Cities age just like us.We tend to think of our cities as robust structures withstanding natural disasters. In reality, their... Read More
Cities age just like us.
We tend to think of our cities as robust structures withstanding natural disasters. In reality, their urban skin is aging, accelerating dysfunction of their tissues and maintenance of their normal functions.
In this crumpled abstraction of Beirut, I went skin deep exploring one of the oldest cities that according to a legend has been demolished and reconstructed seven times.
Beirut used to be a prosperous trading hub under the Roman Empire until a massive earthquake and tsunami wiped the city in 551 AD killing around 30,000 people. Even after decades of recovery, Beirut has never entirely regained its glory. Violent wars and its precarious position along a political fault line – and with literally fault lines running underneath – are putting the city at biggest risk.
Beirut is totally unprepared for a likely damaging earthquake, especially with 70% of the population living along the coast and most of city’s buildings are old or dense and poorly constructed residential housing. Beirut is moving slowly towards its community-resilience goals. More risk reduction efforts still need to carried at the institutional, sectoral and local levels.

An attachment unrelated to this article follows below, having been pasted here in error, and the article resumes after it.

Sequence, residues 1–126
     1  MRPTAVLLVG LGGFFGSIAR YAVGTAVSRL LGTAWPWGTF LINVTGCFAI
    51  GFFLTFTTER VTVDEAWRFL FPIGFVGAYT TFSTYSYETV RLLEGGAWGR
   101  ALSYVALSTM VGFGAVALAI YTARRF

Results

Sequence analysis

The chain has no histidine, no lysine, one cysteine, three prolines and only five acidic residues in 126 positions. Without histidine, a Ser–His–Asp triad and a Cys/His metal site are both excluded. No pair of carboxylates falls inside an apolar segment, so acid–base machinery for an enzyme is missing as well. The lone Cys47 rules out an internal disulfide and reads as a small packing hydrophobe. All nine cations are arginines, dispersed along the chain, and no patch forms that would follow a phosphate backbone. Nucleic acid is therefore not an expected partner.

This three-dimensional fabric traces Beirut’s dilapidated urban evolution. The drawings show how Beirut’s nucleus has grown and neighborhoods evolved with a range of economic, urban, social cultural levels which led to disparity in the nature of the urban fabric, threatening the disappearance of the unique character of the city, with a clear shift in planning and design characteristics. Some are orderly while others are random. Some are in perfect conditions and some are broken into pieces. The markings, the cracks, circles, squares and lines symbolize the ’emotional faults’ that Beirut need to resolve - from tempering impacts, to reducing vulnerabilities, and sustaining political commitment - in order to survive and thrive against future stresses and shocks.